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A Little Girl in Old San Francisco

Balder the Beautiful
A Wedding and a Parting
The Enchantment of Youth
In the Balance
The Decision of Fate
To See You Once Again
The Guiding Finger
An Enchanted Journey
It was a long journey for a little girl, so long indeed that the old life had almost faded
from her mind, and seemed like something done in another existence. When she was
younger still she had once surprised her mother by saying, "Mother, where did I live
before I came here?" The pale, care-worn woman had glanced at her in vague
surprise and answered rather fretfully, "Why, nowhere, child."
"Oh, but I remember things," said the little girl with a confident air, looking out of
eyes that seemed to take an added shade from her present emotions.
"Nonsense! You can't remember things that never happened. That's imagining them,
and it isn't true. If you told them they would be falsehoods. There, go out and get me
a basket of chips."
She was afraid of telling falsehoods, most of those rigid people called them by their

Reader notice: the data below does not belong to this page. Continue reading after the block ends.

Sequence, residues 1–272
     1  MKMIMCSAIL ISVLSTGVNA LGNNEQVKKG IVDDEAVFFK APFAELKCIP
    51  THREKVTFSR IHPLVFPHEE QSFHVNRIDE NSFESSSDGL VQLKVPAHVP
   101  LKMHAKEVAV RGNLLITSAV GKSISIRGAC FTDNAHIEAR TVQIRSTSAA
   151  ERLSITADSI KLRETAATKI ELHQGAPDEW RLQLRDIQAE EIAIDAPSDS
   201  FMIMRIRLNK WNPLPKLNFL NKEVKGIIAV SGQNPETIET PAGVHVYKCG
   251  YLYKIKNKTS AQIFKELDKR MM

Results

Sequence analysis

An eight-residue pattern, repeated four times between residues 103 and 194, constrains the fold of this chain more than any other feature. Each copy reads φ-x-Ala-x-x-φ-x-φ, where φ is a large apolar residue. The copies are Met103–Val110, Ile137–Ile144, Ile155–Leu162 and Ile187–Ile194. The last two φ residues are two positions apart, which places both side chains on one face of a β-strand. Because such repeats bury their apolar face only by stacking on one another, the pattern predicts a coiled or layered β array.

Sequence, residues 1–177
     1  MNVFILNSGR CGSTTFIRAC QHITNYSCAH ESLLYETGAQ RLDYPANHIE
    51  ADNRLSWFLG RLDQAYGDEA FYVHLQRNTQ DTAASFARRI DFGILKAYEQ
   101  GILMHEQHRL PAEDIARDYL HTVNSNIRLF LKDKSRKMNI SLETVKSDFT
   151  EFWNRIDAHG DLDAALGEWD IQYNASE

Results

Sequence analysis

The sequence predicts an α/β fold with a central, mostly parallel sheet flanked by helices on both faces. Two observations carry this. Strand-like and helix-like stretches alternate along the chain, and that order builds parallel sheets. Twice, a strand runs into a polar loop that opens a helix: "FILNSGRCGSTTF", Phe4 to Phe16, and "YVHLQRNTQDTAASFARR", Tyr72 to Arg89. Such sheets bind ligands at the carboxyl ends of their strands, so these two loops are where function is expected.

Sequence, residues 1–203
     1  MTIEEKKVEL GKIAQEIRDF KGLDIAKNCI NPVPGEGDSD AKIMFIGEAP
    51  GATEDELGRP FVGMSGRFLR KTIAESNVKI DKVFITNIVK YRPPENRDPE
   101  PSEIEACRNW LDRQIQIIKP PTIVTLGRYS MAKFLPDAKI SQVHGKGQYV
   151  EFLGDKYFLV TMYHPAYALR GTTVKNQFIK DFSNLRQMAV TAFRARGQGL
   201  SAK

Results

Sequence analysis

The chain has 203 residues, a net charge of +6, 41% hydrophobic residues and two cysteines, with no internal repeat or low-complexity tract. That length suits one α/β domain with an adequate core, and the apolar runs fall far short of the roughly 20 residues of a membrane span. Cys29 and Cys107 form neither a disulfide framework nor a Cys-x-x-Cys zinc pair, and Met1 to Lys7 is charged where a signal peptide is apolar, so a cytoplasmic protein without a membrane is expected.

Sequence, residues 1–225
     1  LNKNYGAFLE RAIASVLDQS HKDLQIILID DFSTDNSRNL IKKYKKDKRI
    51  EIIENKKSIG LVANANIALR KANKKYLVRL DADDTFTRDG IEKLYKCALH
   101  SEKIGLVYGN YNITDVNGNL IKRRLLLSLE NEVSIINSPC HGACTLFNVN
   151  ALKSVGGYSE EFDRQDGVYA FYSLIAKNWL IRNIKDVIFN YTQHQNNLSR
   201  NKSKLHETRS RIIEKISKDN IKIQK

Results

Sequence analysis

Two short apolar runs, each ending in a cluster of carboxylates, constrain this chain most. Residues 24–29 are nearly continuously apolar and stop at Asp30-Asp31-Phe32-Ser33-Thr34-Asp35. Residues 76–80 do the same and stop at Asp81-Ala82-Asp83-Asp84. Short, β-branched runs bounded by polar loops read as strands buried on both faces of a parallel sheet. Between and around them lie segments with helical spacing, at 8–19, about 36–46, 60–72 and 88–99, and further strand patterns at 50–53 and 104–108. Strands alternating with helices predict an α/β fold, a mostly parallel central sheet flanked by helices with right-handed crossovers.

plain name, "lies," and whipped their children. So the little girl kept them to herself;
she was a very good and upright child as a general thing and knew very little about
her tricky father. But she went on imagining. Especially when she studied
geography, which she was extravagantly fond of, yet she could never quite decide
which country she had lived in.
Through those months of journeying in the big vessel over strange waters, for she
had been born in an inland hamlet with a great woods of hemlock, spruce, and fir
behind the little cottage, and two or three small creeks wandering about, she had
many strange thoughts. Though at first she was quite ill, but Uncle Jason was the
best nurse in the world, and presently she began to run about and get acquainted.
There were only a few women passengers. One middle-aged, with a son sixteen, who
was working his way; a few wives emigrating with their husbands, three women
friends who were in the hope of finding an easier life and perhaps husbands, though
they hardly admitted that to each other.
She often sat in Uncle Jason's lap, hugged up to his breast. Of course, her mother had
been his sister, they had settled upon that, and he did not contradict. She was lulled
by the motion of the vessel and often fell asleep, but in her waking momen ts these
were the memories that were growing more vague and getting tangled up with
various things.
Her father had taught school at South Berwick the winter she could recall most
readily, and came home on Saturday morning, spending most of the time at the
store. Woodville was only a sort of hamlet, though it had a church, a school, and a
general store. Sometimes he would go back on Sunday, but oftener early Monday
morning. Then late in the summer he was home for a while, and went away after